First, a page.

Director Dan Levy surely knew that a movie follow-up to the fizzy, funny and starmaking sleeper success that was his Emmy-winning “Schitt’s Creek” wouldn’t be as simple as copying and pasting its winning formula onto the demands of a feature. Thankfully “Good Grief,” the holiday-perfumed comedy-drama that he also wrote and stars in, feels like its own thing. If “Schitt’s” was a tart snack with an admirably gooey center, “Good Grief” — about overcoming loss with exasperating friends in luxe locations — prefers its savoriness and sweetness in a more balanced swirl.
If only it felt like a full meal. “Good Grief” ultimately promises more than its starter kit of rom-com elements and good intentions can deliver. But within that inviting aura are a number of pleasures, starting with Levy’s homo-neurotic appeal as a cynically romantic gay lead. There’s also a suitably knotty situation warranting a trip to Paris (as one must), sprinkled throughout with the great Ruth Negga giving lively silent-era-worthy flamboyance as “a lot,” to use her character’s self-descriptor.
We first meet Levy’s Marc, a painter turned illustrator, at the Christmas soiree he and his charming, bestselling-author-hubby, Oliver (Luke Evans), throw every year at their London digs. The festivities come to a literally crashing halt, though, when Oliver leaves early for a work trip and dies only a block away in a car accident.
Right away, in a nicely piquant funeral scene, Levy shows how grief is never one thing (and not always unfunny): For an obliviously narcissistic actor from one of the movies adapted from Oliver’s YA novels (a one-scene Kaitlyn Dever), death is a snuffed-out franchise. But to the dad who learned to accept his boy writing about princesses (an exquisite performance by David Bradley), sorrow and gratitude can be beautifully intertwined.
For Marc, however, grief is something he stumbles through, complicated by the reveal a year later that Oliver had planned to leave him for someone else. Shattered and confused, Marc heads to Paris with friends Sophie (Negga) and Thomas (Himesh Patel) in tow to look for the roots of a betrayal but also a hoped-for reset.
You can’t fault Levy for wanting his first movie to double-dip on its Europhilia, moving from Christmas-y London to cozy Paris. And nestled in the cafe talks and rueful walks — including one Marc has with a potential flame (Arnaud Valois) — are some acute observations about under-examined lives and over-accepted behavior in loved ones. Not to mention a heartbreak playlist unhip enough to reach back and tap Bonnie Raitt and Neil Young for vibes.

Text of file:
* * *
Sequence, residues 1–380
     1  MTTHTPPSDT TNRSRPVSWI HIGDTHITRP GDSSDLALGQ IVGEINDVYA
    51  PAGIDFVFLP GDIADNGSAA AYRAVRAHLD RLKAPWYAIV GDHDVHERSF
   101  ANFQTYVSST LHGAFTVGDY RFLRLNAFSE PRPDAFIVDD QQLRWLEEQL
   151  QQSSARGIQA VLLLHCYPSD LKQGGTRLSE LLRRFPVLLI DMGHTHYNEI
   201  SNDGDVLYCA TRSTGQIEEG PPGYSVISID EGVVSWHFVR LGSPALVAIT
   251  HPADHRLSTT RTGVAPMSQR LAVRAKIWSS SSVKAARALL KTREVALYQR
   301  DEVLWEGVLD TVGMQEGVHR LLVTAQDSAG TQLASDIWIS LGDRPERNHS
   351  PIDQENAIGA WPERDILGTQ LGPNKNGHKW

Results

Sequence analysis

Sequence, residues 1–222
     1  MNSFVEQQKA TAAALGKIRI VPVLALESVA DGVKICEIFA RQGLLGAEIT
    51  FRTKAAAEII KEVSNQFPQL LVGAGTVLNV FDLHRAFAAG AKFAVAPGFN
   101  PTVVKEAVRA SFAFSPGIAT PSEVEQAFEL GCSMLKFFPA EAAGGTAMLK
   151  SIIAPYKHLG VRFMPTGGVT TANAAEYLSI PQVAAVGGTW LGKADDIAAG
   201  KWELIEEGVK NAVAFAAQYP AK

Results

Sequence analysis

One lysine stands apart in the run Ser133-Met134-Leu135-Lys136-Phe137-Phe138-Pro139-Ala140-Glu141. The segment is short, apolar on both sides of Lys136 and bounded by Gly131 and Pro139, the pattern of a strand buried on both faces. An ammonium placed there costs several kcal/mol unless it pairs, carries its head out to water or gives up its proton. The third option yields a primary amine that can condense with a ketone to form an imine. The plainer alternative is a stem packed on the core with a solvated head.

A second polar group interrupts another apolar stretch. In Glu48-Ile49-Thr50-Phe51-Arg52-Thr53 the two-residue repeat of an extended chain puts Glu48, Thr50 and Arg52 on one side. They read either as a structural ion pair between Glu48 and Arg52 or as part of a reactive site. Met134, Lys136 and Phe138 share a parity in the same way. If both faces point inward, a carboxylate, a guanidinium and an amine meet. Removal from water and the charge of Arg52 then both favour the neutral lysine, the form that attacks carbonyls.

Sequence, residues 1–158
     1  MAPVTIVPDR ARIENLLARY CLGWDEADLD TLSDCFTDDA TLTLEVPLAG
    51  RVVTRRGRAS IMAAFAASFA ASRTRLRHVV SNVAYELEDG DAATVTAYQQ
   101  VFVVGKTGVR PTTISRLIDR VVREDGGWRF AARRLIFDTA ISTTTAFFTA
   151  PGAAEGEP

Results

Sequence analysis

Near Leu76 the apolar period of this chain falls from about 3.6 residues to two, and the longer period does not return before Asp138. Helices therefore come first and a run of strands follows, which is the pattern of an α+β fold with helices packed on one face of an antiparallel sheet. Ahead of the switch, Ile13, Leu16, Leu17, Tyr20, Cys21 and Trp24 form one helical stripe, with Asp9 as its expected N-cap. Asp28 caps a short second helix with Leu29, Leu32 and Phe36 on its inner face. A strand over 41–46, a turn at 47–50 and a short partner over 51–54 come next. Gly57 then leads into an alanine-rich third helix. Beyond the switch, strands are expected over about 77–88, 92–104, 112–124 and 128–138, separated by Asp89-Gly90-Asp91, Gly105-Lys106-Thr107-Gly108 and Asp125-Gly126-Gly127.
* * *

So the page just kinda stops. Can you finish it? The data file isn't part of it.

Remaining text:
As adult as “Good Grief” sometimes feels, it also plays a tad thinly, plotted without too much attention paid to what makes sense, or what might warrant richer exploration beyond a well-turned line. Levy’s front-and-center sadness compels, but even with Negga’s watchably flighty antics and Patel’s believable gravitas, these characters aren’t rich enough for the third act’s friendship crisis to successfully pull the movie out of a noticeable dip in energy. And the less said about Marc’s journey, the better, art therapy being much lower on the list of acceptable rom-com clichés than zippy one-liners or a City of Lights backdrop.
Marc is grieving Oliver, but you could certainly read something else into the emotional parameters of “Good Grief”: Levy trying to figure out his way post-“Schitt’s Creek.” That’s a likable aspect to this uneven but earnest movie, one you can see played out in Levy’s face, made for comedy but also delicately brooding, scared and quizzical. “Good Grief” may not fully satisfy as a heart-and-soul affair, but it brews a desire to see more of what we know Levy can offer.
Rating: R, for language and brief drug use
Running time: 1 hour, 40 minutes
Playing: Now streaming on Netflix